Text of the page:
One tool are guidelines that provide local authorities with, for example, risk communication or consensus-building methods that should help facilitate effective decision-making on appropriate climate-change adaptation measures. Another tool is a downscaler that allows policymakers, technical staff and researchers to make local climate-change assessments and forecasts.
A smaller group within the team is examining past and future coastal disaster risks and will estimate related economic losses from municipal to national levels. Based on such analyses, the group plans to compile nationwide risk maps and will suggest adaptation measures. This will allow local governments to assess the risk of floods, landslides, storm surges, coastal erosion and the like in their regions, as well as adopt appropriate measures.
The Ministry of the Environment plans to define priority issues that should be addressed in the short term (up to 10 years), middle term (10-30 years) and long term (30-100 years) once the full impact of climate change has been studied in the beginning of 2015. After this has been discussed, a government-wide integrated effort is scheduled to be released during the summer of 2015.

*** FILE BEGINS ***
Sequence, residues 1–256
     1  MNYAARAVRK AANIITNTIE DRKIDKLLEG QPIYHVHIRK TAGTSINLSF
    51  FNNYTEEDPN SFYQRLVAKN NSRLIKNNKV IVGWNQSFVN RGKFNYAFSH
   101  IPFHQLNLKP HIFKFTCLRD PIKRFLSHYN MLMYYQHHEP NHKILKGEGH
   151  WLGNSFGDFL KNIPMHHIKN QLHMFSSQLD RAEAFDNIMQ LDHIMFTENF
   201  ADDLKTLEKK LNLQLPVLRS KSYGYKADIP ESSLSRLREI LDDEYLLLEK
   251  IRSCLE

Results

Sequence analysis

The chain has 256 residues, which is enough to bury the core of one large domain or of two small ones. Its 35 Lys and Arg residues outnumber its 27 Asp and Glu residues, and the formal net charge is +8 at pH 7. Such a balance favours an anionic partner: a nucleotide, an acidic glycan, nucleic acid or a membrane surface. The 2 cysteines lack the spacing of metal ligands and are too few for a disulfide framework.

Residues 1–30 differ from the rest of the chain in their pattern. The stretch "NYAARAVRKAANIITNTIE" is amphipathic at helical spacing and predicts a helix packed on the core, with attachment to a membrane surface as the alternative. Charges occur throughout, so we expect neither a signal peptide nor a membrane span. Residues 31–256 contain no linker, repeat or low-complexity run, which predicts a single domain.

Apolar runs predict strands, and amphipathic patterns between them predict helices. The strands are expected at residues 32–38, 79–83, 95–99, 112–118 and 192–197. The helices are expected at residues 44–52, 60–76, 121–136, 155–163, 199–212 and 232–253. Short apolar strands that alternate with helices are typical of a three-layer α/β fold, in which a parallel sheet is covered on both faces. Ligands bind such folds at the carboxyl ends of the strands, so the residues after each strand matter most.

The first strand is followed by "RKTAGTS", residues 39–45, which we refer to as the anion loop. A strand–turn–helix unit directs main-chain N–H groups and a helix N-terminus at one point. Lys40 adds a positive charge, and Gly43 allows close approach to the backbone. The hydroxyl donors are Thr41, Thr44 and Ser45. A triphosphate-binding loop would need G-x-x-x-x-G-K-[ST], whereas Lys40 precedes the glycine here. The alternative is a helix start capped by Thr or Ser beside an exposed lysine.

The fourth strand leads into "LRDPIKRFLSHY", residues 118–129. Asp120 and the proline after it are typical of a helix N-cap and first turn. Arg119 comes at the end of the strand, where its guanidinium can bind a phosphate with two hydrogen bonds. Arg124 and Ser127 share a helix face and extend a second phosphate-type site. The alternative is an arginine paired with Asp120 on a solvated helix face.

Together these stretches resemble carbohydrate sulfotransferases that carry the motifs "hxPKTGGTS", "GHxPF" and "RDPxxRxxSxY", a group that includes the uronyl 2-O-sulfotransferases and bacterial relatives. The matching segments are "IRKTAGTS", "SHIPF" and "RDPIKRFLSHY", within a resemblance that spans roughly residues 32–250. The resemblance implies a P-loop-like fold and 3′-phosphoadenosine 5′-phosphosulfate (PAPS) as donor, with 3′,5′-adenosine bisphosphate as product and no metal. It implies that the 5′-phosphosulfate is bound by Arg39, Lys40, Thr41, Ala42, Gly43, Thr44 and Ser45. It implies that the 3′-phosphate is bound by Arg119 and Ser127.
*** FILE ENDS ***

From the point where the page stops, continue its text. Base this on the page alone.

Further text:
And although that means it’s a little more than a year before the country is able to study comprehensive data on climate change at a local and national level, one nation can only do so much by itself.
For the country’s sand beaches to stave off erosion, global greenhouse gas emissions must be cut across the board and yet it’s not hard to name a number of nations still dragging their feet.
And even if humans are able to cut emissions and increases in average global temperatures by more than 2 degrees Celsius above pre-industrial levels, many Japanese researchers believe that some damage from climate change is inevitable.
What lies ahead for the coastlines that ring Japan if humans fail to achieve even that perhaps just doesn’t bear imagining.
Areas at risk of flooding during a typhoon that strikes at high tide after a 1-meter rise in sea levels
A gradual rise in sea levels puts greater pressure on flood protection systems that guard areas located in basins and coastal areas. When such increases coincide with high tides and extreme weather incidents such as typhoons, existing levees and tidal gates constructed around the country are less likely to be able to keep the water out, resulting in more frequent flooding or levee breaches. Low-lying areas, in particular, are at risk. In 2006, the Center for International Earth Science Information Network said that 24 percent of the population lives in coastal zones that are less than 10 meters above sea level.